This section of the FAQ provides answers to ALV related questions.
(1) How to use attribute properties in the WD ALV component?
(2) How to setup bindings for application function editors (toolbar controls)?
(3) How to programmatically expand sub totals to a certain level?
(4) How to work with non validating actions?
(5) How to reuse the personalization data across multiple WD ALV instances?
The design of contexts is very important for the performance of large Web Dynpro ABAP applications. A large number of context nodes and attributes will reduce performance and increase memory requirement at runtime. Since a range of UI element properties provide the binding to a context attribute, the number of context attributes can exceed the number of UI elements many times over.
To prevent the implementation of large numbers of context attributes, as an alternative, the properties of the context attribute to which the primary property of the UI element is bound can be used to bind the UI element properties.
The primary property is especially important for a UI element. Other properties of the UI element can be dependent on the value of the context attribute to which the primary property is bound. Provided the UI element is available, the primary property is always the same, for example:
- The property value for the UI element InputField
- The property text for the UI element TextView
- The property checked for the UI element CheckBox
Some UI element properties can be bound directly to the context attribute of the associated primary property, which means a new context attribute does not have to be especially created.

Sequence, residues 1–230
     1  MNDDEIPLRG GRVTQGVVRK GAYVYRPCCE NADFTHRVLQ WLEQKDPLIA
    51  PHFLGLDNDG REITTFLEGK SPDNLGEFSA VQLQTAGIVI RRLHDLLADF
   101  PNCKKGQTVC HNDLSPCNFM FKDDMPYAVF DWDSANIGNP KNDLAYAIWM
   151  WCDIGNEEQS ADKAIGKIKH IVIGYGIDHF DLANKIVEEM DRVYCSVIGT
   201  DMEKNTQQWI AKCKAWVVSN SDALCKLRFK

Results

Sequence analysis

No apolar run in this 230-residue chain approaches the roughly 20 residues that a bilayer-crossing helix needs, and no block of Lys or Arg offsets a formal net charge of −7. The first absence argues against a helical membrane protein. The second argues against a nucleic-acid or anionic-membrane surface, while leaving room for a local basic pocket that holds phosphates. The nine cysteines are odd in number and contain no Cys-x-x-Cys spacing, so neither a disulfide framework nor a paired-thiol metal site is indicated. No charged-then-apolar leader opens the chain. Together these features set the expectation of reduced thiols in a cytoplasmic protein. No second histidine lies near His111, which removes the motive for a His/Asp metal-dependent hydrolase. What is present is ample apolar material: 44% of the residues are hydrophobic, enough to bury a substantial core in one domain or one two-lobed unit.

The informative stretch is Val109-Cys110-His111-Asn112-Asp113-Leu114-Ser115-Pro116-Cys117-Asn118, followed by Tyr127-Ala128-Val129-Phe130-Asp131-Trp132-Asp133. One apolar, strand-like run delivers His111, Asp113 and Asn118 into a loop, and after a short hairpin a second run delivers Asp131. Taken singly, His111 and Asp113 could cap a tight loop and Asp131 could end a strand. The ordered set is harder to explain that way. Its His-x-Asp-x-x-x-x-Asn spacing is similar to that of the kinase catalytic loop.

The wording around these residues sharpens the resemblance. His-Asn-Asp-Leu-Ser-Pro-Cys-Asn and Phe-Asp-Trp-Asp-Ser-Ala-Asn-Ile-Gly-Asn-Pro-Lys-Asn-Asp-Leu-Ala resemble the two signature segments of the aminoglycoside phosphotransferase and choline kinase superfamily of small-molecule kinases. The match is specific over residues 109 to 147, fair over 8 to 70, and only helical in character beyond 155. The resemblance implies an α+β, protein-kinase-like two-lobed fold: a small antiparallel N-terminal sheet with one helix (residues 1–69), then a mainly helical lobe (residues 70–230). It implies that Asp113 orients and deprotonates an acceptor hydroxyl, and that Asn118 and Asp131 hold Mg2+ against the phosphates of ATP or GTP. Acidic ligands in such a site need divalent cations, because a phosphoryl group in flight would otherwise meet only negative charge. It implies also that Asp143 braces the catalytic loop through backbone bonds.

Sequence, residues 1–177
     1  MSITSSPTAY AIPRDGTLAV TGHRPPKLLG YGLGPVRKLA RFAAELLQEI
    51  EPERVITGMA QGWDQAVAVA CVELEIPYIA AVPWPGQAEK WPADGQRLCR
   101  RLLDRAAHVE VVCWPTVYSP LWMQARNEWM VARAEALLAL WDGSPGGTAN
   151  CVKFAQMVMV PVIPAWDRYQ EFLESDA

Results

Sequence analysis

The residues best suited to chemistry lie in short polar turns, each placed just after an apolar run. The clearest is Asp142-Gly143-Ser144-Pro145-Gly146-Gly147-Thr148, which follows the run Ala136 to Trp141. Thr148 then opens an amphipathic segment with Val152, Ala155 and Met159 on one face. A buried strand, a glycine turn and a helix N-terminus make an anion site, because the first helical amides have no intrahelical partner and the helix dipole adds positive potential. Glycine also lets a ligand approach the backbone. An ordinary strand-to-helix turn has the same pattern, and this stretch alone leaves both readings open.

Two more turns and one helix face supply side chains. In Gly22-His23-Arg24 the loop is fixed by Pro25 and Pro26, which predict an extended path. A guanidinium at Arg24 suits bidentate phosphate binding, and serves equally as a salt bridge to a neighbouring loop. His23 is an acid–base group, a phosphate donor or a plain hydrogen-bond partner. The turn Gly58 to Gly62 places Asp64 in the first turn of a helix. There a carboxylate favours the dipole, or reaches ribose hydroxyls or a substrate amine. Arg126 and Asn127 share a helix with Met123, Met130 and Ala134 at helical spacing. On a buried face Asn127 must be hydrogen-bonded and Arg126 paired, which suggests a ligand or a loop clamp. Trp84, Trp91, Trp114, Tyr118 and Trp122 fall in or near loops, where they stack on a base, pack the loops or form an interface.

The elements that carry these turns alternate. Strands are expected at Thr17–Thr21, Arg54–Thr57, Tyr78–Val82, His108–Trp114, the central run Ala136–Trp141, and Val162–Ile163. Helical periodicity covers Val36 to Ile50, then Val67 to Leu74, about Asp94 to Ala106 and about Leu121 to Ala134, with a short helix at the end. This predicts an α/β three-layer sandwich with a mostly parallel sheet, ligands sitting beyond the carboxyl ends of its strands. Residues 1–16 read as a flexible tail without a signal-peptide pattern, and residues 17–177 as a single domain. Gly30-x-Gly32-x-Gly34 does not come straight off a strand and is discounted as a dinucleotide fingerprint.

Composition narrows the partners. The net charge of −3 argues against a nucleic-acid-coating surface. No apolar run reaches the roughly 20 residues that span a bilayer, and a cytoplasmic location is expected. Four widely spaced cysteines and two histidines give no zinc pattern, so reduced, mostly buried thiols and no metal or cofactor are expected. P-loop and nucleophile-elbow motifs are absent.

The Web Dynpro ABAP framework enables the following UI element properties to be bound in this way:
- required (not relevant in WD ALV usage)
To use attribute properties in the WD ALV component, the DATA node mapped or propagated to the component has to be supplied with an internal table containing the properties for that specific DATA node. The internal table must be of type WDR_CONTEXT_PROP_FOR_NODE_TAB. The rows of that table must be of structure type WDR_CONTEXT_NODE_PROP_FOR_NODE. All attribute properties are of type WDY_BOOLEAN.
The following example shows how the attribute properties are set up for a DATA node mapped to a WD ALV instance:
To set up a binding for a column editor control in the WD ALV component referencing such an attribute property, the following syntax must be used:
The fieldname thereby denotes the identifier of the field resp. attribute in the mapped or propagated DATA node. The attribute_property specifies the property name to bind to, i.e. one of the following values from column Property: